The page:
Gurdwara Sri Rakab Ganj Sahib is an important historic Gurdwara in Delhi.
It's located at the exact spot where Sri Guru Tegh Bahadur Ji's headless body was cremated after the mughal executioner Jalaudin of Samana beheaded Guru Sahib on 11th November 1675.
In order to awaken the conciousness of the masses and to focus the minds of the nation's elite, Guru Tegh Bahadur volunteered to lay down his life so that the atrocities of the cruel mughal empire could be thrown into the forefront of issues that were deemed important for the country at the time.
Consequently, the execution of Guru Tegh Bahadur in 1675 spelt the beginning of the end of the mughal empire.
The Gurdwara marks the site, where Lakhi Shah Vanjara and his son Bhai Naghaiya burnt their own house to cremate the body of Guru Tegh Bahadur who, on 11th November 1675, was beheaded in Chandni Chowk on the orders of mughal emperor Aurangzeb for refusing to convert to Islam.
The spot where the Guru was beheaded is marked by Gurdwara Sis Ganj Sahib. The Guru's severed head was taken from Delhi to Anandpur Sahib in Punjab, by Bhai Jaita (later Bhai Jiwan Singh) and was cremated by Guru Tegh Bahadur's son, Gobind Rai, who later became Guru Gobind Singh, the Tenth Guru of the Sikhs.
The Delhi Sikh Gurdwara Management Committee was planning to build a memorial to the Sikhs killed during the 1984 Sikh Genocide at the site. Though the foundation stone for the memorial has been laid, the Delhi High Court is considering a petition challenging the construction of the memorial.
Two brave Sikhs of the Guru, Bhai Lakhi Shah Vanjara and his son, Bhai Naghaiya rescued the headless body of the revered ninth Sikh Guru from Chandni Chowk.
Guru Tegh Bahadur's body was rescued by these two with a convoy of several ox-driven carts carrying bales of cotton and foodstuffs. Due to the strong dust storm, these brave Sikhs managed to lift the body of the Guru without the mughal guards discovering what was going on.
These two Sikhs were able to lift the body with great speed under the cover of the storm and then conceal the body in the cart under bales of cotton. They then quickly moved towards Raisina village, the place where they lived. On reaching their abode they were able to avoid any suspicion by the authorities since Bhai Lakhi Shah Vanjara placed the body on a bed and set fire to his whole house.
The present location of the magnificent Gurdwara is on the Pant Road in New Delhi, facing Parliament House and North Block of Central Secretariat. The modern building is composed mainly of white marble surrounded by a beautiful garden. Like most other Sikh Gurdwaras this Gurdwara has entrances from four sides symbolising that they are open to all without any distinction of caste or creed. This historic Gurdwara was built at a cost of 25 lakh rupees and took 12 years to complete.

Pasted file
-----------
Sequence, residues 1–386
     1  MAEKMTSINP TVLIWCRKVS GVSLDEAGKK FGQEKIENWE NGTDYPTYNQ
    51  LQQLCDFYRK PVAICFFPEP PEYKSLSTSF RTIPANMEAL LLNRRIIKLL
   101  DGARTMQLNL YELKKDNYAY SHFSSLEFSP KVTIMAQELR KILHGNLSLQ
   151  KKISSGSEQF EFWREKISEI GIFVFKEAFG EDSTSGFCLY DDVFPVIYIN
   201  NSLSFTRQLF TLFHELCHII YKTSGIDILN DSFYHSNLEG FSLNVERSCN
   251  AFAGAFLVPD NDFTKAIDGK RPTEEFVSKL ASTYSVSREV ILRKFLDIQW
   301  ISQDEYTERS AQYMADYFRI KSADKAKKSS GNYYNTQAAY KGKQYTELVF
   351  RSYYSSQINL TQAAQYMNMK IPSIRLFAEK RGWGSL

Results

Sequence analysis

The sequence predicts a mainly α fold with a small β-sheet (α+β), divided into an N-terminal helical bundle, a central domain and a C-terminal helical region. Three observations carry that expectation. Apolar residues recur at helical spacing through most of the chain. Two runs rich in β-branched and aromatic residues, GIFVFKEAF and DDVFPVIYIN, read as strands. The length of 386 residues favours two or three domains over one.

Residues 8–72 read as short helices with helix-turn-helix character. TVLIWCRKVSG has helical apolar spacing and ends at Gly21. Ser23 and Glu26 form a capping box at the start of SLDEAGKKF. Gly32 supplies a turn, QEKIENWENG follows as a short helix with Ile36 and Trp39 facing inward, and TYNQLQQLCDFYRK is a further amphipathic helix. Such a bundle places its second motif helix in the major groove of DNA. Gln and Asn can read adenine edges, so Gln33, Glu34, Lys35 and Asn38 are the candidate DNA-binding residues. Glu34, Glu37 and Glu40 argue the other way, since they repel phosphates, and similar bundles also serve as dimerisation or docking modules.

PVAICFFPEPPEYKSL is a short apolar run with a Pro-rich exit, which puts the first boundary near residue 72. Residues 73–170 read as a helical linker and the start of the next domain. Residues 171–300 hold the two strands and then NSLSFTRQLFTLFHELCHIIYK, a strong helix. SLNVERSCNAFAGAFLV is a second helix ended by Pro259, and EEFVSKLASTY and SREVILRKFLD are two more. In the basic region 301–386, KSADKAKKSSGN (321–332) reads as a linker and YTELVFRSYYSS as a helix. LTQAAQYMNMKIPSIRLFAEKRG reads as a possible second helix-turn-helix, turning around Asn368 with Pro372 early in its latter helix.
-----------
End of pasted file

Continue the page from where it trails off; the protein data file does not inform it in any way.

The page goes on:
Historical records show that Sardar Baghel Singh, constructed a Gurdwara in village Raisina in 1783 to perpetuate the memory of the ninth Guru Sri Tegh Bahadur. He had conquered Delhi by leading an army of 30,000 Sikh warriors along with four other commanders. Before 1783, the Muslims of Delhi had built a mosque on this very spot. The Sikhs claimed this spot as their own sacred place in memory of the sacrifice to their Guru. Muslims contested the claim, and there was strong objection to the dismantling of the Mosque.
Rival parties stood with swords drawn and the atmosphere was tense - anything could have happened. However, the Sikhs offered to reconstruct the mosque for the Muslims with their own expense in case the urn containing the ashes of the respected Guru was not found buried beneath the Mosque that stood there. This helped calm the atmosphere and tempers cooled down. The excavation work commenced in the presence of the mughal officials.
The assertion made by the Sikhs proved to be correct and they were allowed to construct Gurdwara Rakab Ganj by Emperor Shah Alam II. He also granted two Sanads to Sikhs. One Sanad granted permission to Sardar Bhagel Singh to take possession of the land for construction of a Gurdwara and a garden. By the second Sanad, the Emperor also gifted 101 bighas and 5 biswas pukhta equal to about 63 acres with 3 wells land, revenue free. Sikh forces agreed to withdraw from Delhi territory peacefully after the construction of their religious Gurdwaras in the mughal capital in lieu of these concessions.
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